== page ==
Do Cats’ Claws Grow Back? The Truth About Your Feline’s Fabulous Feet

The Allure of Cat Claws

For cat owners, those sharp claws invoke a mix of emotions. On one hand, they’re instrumental to a cat’s mobility and survival. On the other, they wreak havoc on furniture and tender skin. But what compels cats to flex and drag their claws on surfaces? Why do they need to scratch? And what happens when those claws get damaged?

This article takes a deep dive into the anatomy and growth cycle of cat claws. We’ll explore why they scratch, the effects of declawing, and what to do for damaged claws. Read on for insider information to help you understand and care for this important feline feature.

Anatomy of Cat Claws

A cat’s claws are made up of keratin, the same protein that makes up human fingernails (The Anatomy of A Cat Claw, 2023). The visible part of the claw that extends past the toe is called the unguis. Underneath the unguis is the dermis and epidermis, which together form the quick of the claw. The quick contains blood vessels and nerves that supply the claw with nutrients and sensation.

At the base of the claw is an area called the nail bed. This tissue forms the attachment between the claw and the last bone in the toe. The cuticle is a fold of skin that wraps around the top and sides of the nail bed, sealing and protecting it. Under the nail bed is the terminal phalanx bone which supports and anchors the claw.

The unguis and nail bed form the main functional parts of cat claws. The unguis provides a sharp point for scratching, climbing, capturing prey, and other functions. The nail bed gives structural support and attaches the claw firmly to the toe.

Growth Cycle

A cat’s claws go through a regular growth cycle where the old claw sheds and a new one grows to replace it. This growth cycle consists of four main stages:

1. Resting stage – The claw is dormant and not growing.[1]

2. Shedding stage – The old claw detaches and falls off as the new claw starts growing underneath.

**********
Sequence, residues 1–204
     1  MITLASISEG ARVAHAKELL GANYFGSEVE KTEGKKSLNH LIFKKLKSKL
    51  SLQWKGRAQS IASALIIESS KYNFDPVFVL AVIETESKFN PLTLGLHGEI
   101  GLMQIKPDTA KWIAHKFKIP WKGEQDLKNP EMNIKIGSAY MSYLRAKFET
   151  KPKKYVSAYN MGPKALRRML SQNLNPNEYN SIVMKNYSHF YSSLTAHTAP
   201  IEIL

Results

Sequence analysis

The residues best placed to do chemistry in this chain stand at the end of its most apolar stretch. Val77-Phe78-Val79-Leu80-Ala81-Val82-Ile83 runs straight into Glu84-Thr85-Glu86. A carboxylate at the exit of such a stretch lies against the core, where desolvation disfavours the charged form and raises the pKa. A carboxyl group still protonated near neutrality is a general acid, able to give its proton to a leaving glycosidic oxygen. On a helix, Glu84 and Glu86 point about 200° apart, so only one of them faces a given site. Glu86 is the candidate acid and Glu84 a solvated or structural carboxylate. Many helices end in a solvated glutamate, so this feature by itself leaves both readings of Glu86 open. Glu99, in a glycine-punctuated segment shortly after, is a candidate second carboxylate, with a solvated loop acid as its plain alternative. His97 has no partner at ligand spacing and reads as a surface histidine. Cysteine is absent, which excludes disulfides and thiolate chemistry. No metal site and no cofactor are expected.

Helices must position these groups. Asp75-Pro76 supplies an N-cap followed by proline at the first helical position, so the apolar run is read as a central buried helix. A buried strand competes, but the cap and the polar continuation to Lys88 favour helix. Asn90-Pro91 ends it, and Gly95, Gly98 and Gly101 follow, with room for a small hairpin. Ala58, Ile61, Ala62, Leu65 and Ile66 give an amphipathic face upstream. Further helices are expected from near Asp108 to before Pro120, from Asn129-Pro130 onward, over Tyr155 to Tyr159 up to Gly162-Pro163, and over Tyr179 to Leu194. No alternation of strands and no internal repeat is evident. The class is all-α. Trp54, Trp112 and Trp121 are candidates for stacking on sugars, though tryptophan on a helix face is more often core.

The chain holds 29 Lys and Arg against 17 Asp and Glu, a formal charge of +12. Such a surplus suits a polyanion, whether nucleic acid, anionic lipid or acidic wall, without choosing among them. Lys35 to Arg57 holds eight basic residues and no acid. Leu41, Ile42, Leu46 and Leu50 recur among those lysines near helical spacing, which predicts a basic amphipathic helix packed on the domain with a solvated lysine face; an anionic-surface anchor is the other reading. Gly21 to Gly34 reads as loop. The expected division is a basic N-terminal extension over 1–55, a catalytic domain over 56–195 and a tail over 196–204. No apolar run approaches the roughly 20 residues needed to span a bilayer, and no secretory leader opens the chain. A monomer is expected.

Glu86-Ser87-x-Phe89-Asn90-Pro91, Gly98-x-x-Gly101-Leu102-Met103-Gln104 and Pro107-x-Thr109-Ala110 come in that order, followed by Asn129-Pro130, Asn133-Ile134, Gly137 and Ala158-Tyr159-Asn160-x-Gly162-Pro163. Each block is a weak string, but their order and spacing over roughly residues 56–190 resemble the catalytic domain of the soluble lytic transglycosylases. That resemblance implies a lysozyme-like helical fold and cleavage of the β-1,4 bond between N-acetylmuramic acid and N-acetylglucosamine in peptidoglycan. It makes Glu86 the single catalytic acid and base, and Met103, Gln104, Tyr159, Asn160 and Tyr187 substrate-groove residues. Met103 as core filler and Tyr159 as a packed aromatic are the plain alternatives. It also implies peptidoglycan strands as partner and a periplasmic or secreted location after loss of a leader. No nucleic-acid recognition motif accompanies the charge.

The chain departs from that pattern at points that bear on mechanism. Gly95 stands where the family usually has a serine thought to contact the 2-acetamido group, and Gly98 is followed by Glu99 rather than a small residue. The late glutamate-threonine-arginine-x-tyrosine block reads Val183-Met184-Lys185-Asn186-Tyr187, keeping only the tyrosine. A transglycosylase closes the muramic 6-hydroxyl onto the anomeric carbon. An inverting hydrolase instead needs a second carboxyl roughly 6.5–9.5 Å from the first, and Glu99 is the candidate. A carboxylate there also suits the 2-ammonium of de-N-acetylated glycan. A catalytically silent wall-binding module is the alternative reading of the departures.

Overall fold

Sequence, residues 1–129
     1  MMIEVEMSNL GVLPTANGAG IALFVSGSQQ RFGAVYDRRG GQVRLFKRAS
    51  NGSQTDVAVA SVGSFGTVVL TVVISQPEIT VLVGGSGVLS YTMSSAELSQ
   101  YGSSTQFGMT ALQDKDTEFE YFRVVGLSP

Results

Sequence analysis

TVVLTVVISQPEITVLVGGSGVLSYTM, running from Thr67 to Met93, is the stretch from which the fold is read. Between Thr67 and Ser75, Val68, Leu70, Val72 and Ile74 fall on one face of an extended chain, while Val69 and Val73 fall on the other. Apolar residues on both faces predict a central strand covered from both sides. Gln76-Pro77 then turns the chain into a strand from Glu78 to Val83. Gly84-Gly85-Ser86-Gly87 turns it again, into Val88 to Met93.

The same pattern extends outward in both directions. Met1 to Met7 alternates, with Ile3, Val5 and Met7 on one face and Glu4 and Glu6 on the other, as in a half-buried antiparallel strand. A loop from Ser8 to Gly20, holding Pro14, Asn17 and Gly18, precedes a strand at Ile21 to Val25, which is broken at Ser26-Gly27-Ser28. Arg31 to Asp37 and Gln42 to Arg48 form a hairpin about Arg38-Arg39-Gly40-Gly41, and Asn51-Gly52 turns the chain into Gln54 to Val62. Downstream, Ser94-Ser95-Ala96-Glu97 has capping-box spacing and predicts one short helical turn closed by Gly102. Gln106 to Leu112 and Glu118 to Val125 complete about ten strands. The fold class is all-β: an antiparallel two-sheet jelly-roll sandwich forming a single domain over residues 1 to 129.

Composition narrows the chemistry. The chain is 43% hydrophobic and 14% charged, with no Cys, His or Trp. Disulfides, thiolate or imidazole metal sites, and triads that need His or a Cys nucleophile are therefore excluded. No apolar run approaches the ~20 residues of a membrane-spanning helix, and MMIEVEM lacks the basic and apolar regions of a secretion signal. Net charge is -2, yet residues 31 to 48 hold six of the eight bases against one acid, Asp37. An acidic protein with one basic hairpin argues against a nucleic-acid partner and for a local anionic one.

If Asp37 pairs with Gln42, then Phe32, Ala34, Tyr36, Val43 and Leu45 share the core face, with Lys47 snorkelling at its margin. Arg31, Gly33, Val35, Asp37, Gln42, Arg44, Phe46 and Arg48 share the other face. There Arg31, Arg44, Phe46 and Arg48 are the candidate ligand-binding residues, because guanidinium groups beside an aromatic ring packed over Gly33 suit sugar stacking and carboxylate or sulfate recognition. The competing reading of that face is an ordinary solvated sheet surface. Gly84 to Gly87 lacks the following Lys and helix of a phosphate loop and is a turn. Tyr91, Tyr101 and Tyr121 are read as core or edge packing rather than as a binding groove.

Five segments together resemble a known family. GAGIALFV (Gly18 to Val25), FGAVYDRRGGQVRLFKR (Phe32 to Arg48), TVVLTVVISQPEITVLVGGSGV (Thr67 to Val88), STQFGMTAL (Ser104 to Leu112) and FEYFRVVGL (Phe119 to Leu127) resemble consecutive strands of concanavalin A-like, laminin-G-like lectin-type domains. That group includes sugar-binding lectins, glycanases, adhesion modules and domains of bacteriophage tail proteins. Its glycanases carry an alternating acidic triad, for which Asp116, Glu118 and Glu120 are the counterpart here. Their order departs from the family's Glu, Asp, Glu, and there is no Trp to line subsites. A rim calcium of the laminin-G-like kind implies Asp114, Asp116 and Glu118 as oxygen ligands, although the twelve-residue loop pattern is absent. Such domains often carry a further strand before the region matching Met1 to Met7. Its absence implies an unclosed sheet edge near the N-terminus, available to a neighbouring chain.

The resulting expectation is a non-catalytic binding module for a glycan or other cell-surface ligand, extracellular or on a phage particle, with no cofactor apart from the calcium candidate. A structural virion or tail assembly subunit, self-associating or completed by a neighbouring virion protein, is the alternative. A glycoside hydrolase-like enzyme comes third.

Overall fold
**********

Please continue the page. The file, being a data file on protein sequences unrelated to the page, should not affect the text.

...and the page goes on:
3. Growing stage – The new claw quickly grows to its full length and hardness.

4. Hardening stage – The new claw finishes developing and hardens into a solid point.[1]

On average, cat claws go through this full regrowth cycle every 4-6 weeks. However, the shedding and growth happens gradually over time, not all at once. So you may notice loose bits of old claw shedding off while the new claw is still growing in.

This regular shedding cycle helps keep the claws sharp. It also allows the nail bed to renew itself and prevent excessive curling and thickening of the claw.



Declawing is a surgical procedure in which a veterinarian removes the claw and end bone (phalanx) of a cat’s toes. It is also referred to as onychectomy or declaw surgery. Declawing effectively removes the cat’s claws so they are no longer able to scratch with their front paws.

a cat pawing at a scratching post

Declawing is highly controversial. While some pet owners believe it can reduce undesirable scratching behavior, many animal welfare organizations actively oppose the practice. Declawing is considered inhumane in over 30 countries, including the UK, Australia and much of Europe. Critics argue it causes unnecessary pain and permanently maims the cat.

Potential negative effects of declawing include:

  • Pain and lameness
  • Infection
  • Tissue necrosis
  • Back pain from altered gait
  • Behavioral problems from chronic pain

There are many humane alternatives to declawing that address undesirable scratching while allowing the cat to keep its claws.

Claw Damage

an x-ray image showing removal of the last bone during declawing surgery

Cat claws can become damaged in various ways. Some common causes of claw damage include:

  • Scratching on rough surfaces like concrete or brick, which can wear down and fray claw sheaths
  • Getting claws caught on fabrics, carpets, or furniture, which can rip or tear claws
  • Injuries from accidents or fights with other animals
  • Medical conditions like infections or tumors affecting claw growth
  • Overgrown claws that curve back into the paw pads
  • Declawing procedures which remove the claw surgically
  • Congenital deformities present at birth

Frequent claw damage can be painful for cats and lead to complications. It’s important for cat owners to provide appropriate scratching surfaces, monitor claw health, and get veterinary care if needed.

Regrowth After Injury

A cat’s claw can regrow after being damaged or torn off, but the regrowth process depends on several factors: